LEGO Movie-1Credit: Warner Bros.

I was really happy to work on that, and it’s a strange one because, being Danish, LEGO is in our DNA. Even as a private company, with the owners making billions, we still feel a sense of patriotic pride!

What are the biggest lessons you’ve picked up since working in dubbing?

Different languages and cultures have lots of different ways of doing dubbing. Right now, I’m in charge of the Nordics and we do it a certain way. But you work with Germany, Poland, South America, Asia, there are so many different styles and cultures that come into it, and you really need to understand and consider that.

That’s something I find really rewarding. Communicating with different people and getting these artists from around the world onboard. Quickly finding out how to work with different cultures and people has become a real strength.

In coming to ZOO, I’m reconnecting with some real leaders in dubbing. I was talking with Mariusz, who now heads up the CEE region, and he has worked with some of my old colleagues in Warsaw. He’s got a great reputation and I’m really happy to be reconnecting here. We come from different backgrounds, but we see eye to eye on a lot – and really care about what is going on in our territories. That’s something that you need to be in tune with.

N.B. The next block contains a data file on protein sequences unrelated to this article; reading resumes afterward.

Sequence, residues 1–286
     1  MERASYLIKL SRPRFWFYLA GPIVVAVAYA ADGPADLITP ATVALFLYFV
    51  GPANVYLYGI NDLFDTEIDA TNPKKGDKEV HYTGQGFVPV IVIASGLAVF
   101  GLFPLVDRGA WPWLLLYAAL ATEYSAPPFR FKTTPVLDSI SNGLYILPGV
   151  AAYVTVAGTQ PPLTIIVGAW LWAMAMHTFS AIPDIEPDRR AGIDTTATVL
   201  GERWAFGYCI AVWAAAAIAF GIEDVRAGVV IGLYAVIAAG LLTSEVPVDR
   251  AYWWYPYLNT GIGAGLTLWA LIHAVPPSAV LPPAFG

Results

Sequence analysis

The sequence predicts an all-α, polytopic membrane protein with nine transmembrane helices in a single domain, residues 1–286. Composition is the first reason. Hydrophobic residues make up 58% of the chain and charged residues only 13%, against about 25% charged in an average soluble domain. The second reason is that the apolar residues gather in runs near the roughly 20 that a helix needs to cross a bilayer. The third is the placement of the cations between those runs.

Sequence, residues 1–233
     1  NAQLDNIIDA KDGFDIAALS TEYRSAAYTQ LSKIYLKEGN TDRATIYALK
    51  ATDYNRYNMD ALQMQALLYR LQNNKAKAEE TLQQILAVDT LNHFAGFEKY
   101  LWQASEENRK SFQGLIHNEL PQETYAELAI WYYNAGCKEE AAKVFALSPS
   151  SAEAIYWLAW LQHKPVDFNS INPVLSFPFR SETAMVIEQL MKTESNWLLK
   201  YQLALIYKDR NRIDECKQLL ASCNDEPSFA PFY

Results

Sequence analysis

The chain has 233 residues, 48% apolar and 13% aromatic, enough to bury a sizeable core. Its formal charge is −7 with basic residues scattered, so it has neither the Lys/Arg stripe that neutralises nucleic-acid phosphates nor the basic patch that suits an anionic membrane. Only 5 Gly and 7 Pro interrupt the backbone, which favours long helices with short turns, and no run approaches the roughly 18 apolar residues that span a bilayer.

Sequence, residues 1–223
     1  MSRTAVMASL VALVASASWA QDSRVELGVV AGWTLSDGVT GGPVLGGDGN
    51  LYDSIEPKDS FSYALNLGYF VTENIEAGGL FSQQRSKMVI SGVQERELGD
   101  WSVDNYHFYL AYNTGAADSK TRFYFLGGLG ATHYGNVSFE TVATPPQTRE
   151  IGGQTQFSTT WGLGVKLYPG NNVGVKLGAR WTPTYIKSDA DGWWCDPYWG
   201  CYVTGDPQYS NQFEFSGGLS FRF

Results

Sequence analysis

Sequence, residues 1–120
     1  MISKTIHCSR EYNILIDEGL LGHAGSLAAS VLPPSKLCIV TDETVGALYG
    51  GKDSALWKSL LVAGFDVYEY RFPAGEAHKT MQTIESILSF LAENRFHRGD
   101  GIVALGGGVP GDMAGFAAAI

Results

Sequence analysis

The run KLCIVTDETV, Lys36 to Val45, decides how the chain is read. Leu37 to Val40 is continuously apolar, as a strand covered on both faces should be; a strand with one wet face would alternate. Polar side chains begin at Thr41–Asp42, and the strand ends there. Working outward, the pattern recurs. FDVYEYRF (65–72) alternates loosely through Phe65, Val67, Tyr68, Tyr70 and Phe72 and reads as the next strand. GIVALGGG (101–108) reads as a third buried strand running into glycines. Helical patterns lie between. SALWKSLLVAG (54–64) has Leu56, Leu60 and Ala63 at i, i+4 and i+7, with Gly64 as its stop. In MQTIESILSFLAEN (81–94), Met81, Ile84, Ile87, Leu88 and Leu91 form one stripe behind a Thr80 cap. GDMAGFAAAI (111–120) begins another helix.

Tell me about the new role and what it will involve?

Following real success in Latin America, ZOO is looking to replicate this across Europe, the Middle East and Asia. We want to use ZOO’s cloud dubbing technology to open up the industry; to bring in the next generation of talent and give content owners more choice.

This means recruiting a group of highly-experienced experts in dubbing. Each territory manager will have our different goals to accomplish, but between us, we’re developing teams and talents that can handle the production requirements of our customers. Building our pool of translators, adapters, voiceover artists, directors.